We should not call the back
From thy Father's heavenly throne.
No, dear darling, not for millions,
But will pray to meet thee there
In thy Father's glorious mansion,
From this world of toil and care.
No one knows how we do miss thee,
Precious darling from us flown,
We weep and mourn for thee,
But thou art forever gone.
There will never be a sorrow
To wrinkle thy sweet smooth face,
For God has taken thee
To his holy resting place.
The South Carolina Federation of
Women's Clubs has only one schol
arship to Winthrop College vacant
this year. As usual, this scholar
ship will be awarded by competi
tive examination. Requirements
have always been inability to pay
for college course, endorsement by
a president of a federate club, and
applicant must be sixteen years of
age or over.
Entrance examinations to Win
throp will be held at every county
court he use on July 2nd, and at the
same time applicants for the schol
arship given through the federation
may take the examination.
Girls eligible for the scholarship
examination and who desire to com
pete for the same this year should
make application at once to Mrs.
Walter E. Duncan, Chairman of the
Department of Education of the
South Carolina Federation of Wo
men's Clubs, Aiken, S. C.
The Winthrop scholarship is
worth $100 a year.
The federation has two other
scholarships to award this year, one
to Lander College and one to Coker
College, the value of which and the
time for examination of applicants
to be published later.
Elbert Hubbard said at 58 he had
never consulted a physician and
never was sick an hour in his life.
He thought a man ought to live
five times the length of time he
spends reaching maturity, which is
20 years. That would make us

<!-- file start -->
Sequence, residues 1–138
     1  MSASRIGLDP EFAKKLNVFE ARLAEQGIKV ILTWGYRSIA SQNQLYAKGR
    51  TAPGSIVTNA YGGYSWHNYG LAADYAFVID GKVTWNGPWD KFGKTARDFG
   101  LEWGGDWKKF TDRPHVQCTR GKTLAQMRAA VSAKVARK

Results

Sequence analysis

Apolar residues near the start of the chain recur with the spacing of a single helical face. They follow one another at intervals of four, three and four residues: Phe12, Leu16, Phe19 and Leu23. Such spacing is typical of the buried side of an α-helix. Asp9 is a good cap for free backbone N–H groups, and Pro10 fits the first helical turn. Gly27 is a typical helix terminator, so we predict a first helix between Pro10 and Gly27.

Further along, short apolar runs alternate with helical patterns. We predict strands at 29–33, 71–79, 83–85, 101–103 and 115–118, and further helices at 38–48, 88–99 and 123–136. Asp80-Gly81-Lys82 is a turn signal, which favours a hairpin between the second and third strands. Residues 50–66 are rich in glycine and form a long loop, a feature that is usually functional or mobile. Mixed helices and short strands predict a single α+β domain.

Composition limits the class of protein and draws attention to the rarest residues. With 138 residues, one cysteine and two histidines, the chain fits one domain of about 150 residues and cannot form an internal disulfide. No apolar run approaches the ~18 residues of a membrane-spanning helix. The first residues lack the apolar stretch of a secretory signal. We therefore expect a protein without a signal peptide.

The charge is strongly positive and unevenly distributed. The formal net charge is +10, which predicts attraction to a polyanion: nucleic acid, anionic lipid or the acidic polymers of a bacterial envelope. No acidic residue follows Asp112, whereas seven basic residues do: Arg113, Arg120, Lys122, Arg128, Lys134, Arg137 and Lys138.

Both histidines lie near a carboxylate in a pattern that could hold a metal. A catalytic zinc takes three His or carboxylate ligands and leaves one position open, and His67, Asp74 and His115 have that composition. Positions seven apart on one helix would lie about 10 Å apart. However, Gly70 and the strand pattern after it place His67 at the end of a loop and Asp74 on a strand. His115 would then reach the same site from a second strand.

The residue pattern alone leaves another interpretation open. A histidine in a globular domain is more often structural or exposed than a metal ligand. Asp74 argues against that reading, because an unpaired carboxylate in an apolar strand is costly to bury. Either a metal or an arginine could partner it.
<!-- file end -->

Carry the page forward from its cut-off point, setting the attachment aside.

ali 100 years old at death. His
recipe for living a hundred is this:
First-Deep breathing in the
open air with your mouth closed.
Second-Moderation in eating;
simple dishes; Fletcherize; eat fruit
every day, especially bananas.
Third-Exercise at least two
hours in the open each day, walk
ing, working in the garden, playing
with the children.
Fourth-Shep eight hours ina
thoroughly ventilated room.
Fifth-Drink all the water be
tween meals you care to.
Sixth-Don't bother to forgive
your friends; just forget them.
Seventh-Keep busy. It is a
beautiful world and we must and
will and can leave it more beautiful
than we found it.
Bees and Their Benefits.
Bees are very useful insects, and
honey is a most excellent food,
lust why more faimers do not keep
bees is not very easy to answer.
Perhaps it may be that many do not
know much about them and are
therefore afraid of bees.
The honey bees' produce, as valu
able as it is, is not all the benefit of
keeping bees. These friends of the
archard help distribute pollen on
the stigmas of the pistils and thus
fertilize the flowers. Unconscious
ly these busy workers in their
gathering up to store honey are
also helping nature reproduce the
Surely every fruit grower should
have a few hives of bees for honey
ind for their help in distributing
pollen.-Farm and Ranch.
A Medicine Chest For 25c.
In this chest you have an excel
lent remedy for Toothache, Bruises,
Sprains, Stiff Neck, Backache, Neu
ralgia, Rheumatism and for most
emergencies. One 25c. bottle of
Sloan's Liniment does it all-this
because these ailments are symp
toms, not diseases, aud are caused
by congestion and inflammation. If
you doubt, ask those who use Sloan's